In a recent vasectomy thread, I asked about the relative pros & cons between a vasectomy and a tubal ligation, eliciting two responses:
Now my wife and I have decided to not have kids, but when I bring up the V-word, she says she doesn’t like the idea of me going through with it (“If I die and you get remarried and want a family blah blah blah”). She said she’s perfectly willing to get her tubes tied instead.
So, experienced Dopers, is a vasectomy really preferable? Why or why not? (Unpleasantly graphic details most welcome). We both have doctor appointments scheduled to bring this up and I’m slowly doing the clinical research on the procedures, but I know any personal/anecdotal input would be most helpful.
I’m female and have had my tubes tied, and I have heard first-hand stories from men who’ve had vasectomies. Basically it is easier to do the vasectomy, though apparently it’s a bit uncomfortable to sit that day. For tubal ligation, the woman has general anaesthesia.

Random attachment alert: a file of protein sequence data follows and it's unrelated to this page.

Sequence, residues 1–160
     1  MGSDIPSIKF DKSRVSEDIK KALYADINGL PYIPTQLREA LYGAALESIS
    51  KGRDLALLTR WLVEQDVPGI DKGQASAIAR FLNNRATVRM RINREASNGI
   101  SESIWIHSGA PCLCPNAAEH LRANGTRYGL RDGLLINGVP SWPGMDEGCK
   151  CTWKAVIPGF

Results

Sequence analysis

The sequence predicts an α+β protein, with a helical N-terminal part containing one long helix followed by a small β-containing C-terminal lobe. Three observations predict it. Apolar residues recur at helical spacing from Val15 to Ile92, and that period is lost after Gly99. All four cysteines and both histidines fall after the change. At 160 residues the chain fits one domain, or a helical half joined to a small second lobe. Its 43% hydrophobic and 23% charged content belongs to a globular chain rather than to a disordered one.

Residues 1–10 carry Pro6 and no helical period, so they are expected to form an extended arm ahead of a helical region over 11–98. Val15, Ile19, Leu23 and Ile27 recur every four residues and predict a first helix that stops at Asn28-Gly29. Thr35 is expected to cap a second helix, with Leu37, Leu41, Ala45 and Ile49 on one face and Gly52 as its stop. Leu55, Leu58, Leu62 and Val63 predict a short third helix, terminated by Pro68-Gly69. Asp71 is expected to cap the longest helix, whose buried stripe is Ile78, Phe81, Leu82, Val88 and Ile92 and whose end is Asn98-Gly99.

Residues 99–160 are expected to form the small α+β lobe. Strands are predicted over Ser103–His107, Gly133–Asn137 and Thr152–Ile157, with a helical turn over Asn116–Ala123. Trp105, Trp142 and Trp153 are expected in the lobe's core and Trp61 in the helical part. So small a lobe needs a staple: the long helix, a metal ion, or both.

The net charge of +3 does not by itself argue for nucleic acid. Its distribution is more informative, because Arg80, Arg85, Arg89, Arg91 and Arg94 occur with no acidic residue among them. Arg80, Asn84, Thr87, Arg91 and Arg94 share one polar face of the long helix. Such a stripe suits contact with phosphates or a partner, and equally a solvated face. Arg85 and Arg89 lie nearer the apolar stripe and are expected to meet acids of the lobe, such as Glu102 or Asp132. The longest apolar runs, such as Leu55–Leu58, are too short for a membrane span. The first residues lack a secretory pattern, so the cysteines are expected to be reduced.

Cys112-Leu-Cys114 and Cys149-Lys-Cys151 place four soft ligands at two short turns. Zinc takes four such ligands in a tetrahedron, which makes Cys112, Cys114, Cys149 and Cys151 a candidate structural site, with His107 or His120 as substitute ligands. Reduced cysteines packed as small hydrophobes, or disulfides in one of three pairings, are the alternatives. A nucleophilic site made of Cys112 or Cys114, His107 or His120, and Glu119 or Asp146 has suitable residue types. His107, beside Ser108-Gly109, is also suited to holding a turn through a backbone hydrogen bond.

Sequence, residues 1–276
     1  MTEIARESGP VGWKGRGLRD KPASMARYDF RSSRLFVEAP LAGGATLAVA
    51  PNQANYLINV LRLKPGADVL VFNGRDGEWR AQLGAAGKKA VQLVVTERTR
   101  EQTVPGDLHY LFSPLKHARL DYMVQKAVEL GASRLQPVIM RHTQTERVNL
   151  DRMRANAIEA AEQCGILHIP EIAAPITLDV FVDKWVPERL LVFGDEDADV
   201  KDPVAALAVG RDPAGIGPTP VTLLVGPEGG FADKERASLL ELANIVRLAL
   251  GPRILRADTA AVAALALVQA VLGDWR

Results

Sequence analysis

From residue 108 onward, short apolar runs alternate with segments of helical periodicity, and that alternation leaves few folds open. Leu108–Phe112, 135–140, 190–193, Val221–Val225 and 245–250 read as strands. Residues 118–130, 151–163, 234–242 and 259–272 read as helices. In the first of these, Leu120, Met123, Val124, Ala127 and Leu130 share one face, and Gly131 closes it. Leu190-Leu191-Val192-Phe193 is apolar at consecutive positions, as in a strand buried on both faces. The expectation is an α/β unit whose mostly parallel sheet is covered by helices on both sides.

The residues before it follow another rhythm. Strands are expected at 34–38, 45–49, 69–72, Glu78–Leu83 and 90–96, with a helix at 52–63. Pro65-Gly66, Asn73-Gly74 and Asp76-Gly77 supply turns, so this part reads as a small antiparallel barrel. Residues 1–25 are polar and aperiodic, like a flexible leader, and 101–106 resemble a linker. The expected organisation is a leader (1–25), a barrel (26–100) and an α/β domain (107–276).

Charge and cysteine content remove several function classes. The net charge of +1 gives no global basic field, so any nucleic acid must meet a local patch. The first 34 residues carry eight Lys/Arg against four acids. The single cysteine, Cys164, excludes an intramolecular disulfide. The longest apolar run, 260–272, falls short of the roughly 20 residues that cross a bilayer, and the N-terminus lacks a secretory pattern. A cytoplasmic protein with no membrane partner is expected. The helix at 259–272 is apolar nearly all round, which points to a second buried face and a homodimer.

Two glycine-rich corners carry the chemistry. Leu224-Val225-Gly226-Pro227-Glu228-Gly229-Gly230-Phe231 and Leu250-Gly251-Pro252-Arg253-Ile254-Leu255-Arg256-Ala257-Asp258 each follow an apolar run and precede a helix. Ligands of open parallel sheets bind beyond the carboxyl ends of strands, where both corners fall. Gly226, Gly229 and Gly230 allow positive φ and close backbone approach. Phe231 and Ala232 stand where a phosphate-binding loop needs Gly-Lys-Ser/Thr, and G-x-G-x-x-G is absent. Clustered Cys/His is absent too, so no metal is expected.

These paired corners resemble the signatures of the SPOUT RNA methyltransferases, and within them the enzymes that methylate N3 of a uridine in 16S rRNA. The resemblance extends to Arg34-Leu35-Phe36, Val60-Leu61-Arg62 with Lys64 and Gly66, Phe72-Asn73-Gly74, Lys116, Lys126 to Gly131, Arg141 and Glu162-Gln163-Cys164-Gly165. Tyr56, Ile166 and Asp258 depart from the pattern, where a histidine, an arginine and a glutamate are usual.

Frankly, I didn’t think the tubal ligation was that bad, it was just one day out of work. I did it because since I was the one who theoretically could become pregnant, and since I was the one who really didn’t want another baby, I would feel better knowing that I was baby-proof.
So it’s just your personal preference. If your wife wants to do it, then she should do it, it’s not any kind of big horrible deal. And once it’s done, you never need birth control again!!! YAY!!
When my wife and I decided to arrange for permanent birth control my doctor told me that a vasectomy was a much simpler and safer operation than tubal ligation, so that ‘s the approach that we took. A minor operation with local anesthetic, a couple of days’ worth of minor discomfort, and everything (with the exception of being able to get ourselves pregnant) was back to normal.